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MSNBC’s Alex Witt holds back tears as wife of critically ill COVID-19 patient describes his swift decline

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On MSNBC Saturday, Alex Witt interviewed Amy Breslow, a New Jersey woman whose husband Brett is critically ill in ICU with coronavirus and in need of plasma. As Witt listened, she grew visibly shaken.

“At what point did you know your husband needed to go to the hospital?” asked Witt. “Was it something that you saw slowly and then took a harsh turn? Tell me what happened there.”

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“He told me two weeks ago that he was not feeling well,” said Breslow. “He started with a fever on the 16th, chills, fatigue. The 17th, I took him to urgent care. They tested him for regular flu, which was negative. They did not have any coronavirus tests available at the urgent care. There were no kits, so they examined him, his lungs, his vital signs, everything was stable. They gave him your typical, rest, fluids, take Tylenol, Motrin. Wednesday, his fever seemed to break, Thursday the fever came back.”

“At that time we received an e-mail from our family physician … that they were opening a drive-thru COVID testing site near our home,” she continued. “Friday morning, the 20th, we called and set up an appointment for him to be tested at 2:00 that afternoon. His shortness of breath and fatigue and everything else continued and I took him and asked the nurse when she did the nasal swab, what should we do if this worsens? She told us to contact our doctor and potentially he would need to go to the emergency room in it if it became severe.”

“By 9:00 that evening, he was not in good shape,” she continued. “I called our doctor, they instructed us to go to the ER, which I did. I took him there. He had to walk in alone. They would not let me go in with him, and I watched through the window, that they took his information and put him in a wheelchair and took him back, and I went back to my car to wait. I texted him to let him know I was there, and to, you know, keep me posted about what was happening. He texted me and told me that they took him back to a room, to go home, and that he loved me. That was the last time i communicated with him. I haven’t seen him since.”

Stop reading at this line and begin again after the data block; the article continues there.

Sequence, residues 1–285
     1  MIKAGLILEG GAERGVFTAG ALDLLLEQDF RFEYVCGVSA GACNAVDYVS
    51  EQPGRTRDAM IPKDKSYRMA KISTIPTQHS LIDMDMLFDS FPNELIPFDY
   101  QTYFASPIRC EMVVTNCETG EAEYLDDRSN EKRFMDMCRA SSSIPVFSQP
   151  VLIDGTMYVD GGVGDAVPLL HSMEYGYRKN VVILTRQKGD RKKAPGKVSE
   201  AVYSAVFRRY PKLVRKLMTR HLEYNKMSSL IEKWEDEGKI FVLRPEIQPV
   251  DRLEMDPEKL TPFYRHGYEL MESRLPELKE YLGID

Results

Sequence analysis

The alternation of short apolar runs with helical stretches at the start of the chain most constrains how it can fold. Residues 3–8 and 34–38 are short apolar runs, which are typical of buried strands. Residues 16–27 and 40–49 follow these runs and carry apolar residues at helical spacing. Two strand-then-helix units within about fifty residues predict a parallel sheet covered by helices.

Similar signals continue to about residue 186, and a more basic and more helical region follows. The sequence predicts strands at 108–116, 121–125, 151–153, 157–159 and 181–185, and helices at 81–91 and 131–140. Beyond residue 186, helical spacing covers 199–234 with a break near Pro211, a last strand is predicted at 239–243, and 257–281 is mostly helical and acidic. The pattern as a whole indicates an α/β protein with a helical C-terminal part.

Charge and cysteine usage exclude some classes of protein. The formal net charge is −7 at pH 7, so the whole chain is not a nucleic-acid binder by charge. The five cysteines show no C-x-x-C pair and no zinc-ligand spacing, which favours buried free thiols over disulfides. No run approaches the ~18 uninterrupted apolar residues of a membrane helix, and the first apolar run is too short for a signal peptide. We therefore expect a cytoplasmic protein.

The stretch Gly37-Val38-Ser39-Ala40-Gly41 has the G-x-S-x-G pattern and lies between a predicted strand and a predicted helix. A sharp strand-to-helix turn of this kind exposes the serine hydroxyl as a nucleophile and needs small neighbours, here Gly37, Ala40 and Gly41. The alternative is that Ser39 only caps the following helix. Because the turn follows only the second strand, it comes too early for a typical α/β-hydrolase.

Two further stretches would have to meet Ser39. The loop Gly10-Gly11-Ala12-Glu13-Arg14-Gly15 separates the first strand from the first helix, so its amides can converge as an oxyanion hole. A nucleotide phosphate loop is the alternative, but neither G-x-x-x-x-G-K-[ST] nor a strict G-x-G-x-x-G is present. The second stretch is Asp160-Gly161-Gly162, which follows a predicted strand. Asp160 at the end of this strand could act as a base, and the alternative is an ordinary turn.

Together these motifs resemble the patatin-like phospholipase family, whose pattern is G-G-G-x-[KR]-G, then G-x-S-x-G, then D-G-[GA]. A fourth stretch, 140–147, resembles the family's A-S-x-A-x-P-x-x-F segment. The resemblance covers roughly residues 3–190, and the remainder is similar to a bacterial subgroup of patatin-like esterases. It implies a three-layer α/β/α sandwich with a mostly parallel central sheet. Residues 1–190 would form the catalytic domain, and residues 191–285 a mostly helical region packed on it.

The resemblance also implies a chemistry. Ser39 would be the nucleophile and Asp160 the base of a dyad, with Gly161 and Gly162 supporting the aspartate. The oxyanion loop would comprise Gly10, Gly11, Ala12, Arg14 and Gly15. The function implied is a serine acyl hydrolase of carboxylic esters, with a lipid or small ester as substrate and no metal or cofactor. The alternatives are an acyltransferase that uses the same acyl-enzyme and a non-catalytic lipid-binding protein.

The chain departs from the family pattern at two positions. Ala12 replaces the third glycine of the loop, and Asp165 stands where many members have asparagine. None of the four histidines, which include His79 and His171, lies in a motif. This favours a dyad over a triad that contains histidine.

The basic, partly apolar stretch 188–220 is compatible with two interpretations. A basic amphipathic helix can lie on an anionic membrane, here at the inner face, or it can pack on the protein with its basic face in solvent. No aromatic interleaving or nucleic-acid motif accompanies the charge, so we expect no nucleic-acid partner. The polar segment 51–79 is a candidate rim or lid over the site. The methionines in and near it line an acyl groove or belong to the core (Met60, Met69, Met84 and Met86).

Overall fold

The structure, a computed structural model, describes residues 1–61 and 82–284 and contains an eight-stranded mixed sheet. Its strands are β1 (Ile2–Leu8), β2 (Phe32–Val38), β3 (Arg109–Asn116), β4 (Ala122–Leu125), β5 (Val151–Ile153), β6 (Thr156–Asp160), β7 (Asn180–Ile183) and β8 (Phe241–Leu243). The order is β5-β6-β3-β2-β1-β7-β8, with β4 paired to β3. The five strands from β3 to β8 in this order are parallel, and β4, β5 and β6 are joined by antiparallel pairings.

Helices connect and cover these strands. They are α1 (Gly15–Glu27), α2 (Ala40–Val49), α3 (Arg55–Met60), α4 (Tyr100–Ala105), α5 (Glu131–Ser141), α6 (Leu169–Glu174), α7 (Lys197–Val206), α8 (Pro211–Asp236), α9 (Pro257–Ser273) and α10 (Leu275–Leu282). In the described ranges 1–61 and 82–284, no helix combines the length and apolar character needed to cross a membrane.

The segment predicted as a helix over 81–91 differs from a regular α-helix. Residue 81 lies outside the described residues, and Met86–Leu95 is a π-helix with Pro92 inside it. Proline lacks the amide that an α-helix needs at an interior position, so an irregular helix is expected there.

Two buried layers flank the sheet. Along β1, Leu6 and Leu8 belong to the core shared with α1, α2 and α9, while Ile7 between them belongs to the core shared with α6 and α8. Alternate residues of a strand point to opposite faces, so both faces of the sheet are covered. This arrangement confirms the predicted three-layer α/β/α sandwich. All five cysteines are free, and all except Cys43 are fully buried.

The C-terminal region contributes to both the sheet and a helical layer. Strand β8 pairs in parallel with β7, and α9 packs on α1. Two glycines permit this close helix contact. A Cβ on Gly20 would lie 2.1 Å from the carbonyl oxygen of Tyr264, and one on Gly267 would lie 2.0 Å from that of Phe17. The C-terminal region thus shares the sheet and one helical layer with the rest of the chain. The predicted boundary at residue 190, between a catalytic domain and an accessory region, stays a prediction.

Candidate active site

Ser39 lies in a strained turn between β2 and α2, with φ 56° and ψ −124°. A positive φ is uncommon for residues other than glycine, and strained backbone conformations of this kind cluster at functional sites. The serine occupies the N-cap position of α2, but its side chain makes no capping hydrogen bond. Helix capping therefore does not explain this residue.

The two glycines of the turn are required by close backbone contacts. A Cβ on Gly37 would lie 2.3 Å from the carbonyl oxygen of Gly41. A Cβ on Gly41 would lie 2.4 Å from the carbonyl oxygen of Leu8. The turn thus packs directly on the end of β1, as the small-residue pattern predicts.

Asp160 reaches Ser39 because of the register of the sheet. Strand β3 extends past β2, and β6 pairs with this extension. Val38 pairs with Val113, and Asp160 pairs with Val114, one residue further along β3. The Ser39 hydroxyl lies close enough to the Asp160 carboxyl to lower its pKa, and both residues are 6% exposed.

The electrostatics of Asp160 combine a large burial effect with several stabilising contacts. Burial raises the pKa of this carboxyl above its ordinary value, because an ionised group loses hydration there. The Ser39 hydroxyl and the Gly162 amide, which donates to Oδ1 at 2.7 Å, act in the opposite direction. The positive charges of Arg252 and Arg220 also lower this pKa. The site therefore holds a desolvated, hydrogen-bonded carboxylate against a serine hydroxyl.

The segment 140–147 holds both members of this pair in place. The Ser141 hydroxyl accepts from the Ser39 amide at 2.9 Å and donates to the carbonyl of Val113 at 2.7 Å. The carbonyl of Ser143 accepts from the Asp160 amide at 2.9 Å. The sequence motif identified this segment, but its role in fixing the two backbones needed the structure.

“It was about an hour and a half of him being in the emergency room,” she continued, beginning to lose her composure. “The emergency room doctor called me and told me he was critical, he had double pneumonia in both of his lungs, and they had to in intubate him. He’s only 50 years old, a healthy guy. This should not have happened. If I had better information previously and not just thought, oh, this is only going to attack the elderly in such a severe way or people who have underlying medical conditions, I would have taken him to the ER on Thursday. I don’t know how much it would have done, but, you know, hindsight is 20/20. I want to get this information out to the public so people of all ages take this seriously, and they’re looking for, you know, the signs.”

“Amy, I’m so grateful to you for sharing your story, as hard as it is to hear, you’ve got to say,” croaked Witt, struggling to keep her own voice steady. “But this is something that’s happening all across the country. Maybe this plasma will be some sort of life-saving avenue for people. In the meantime, holding out the very best for you and Brett. We’ll say a bunch of prayers for him and for you. Stay strong.”

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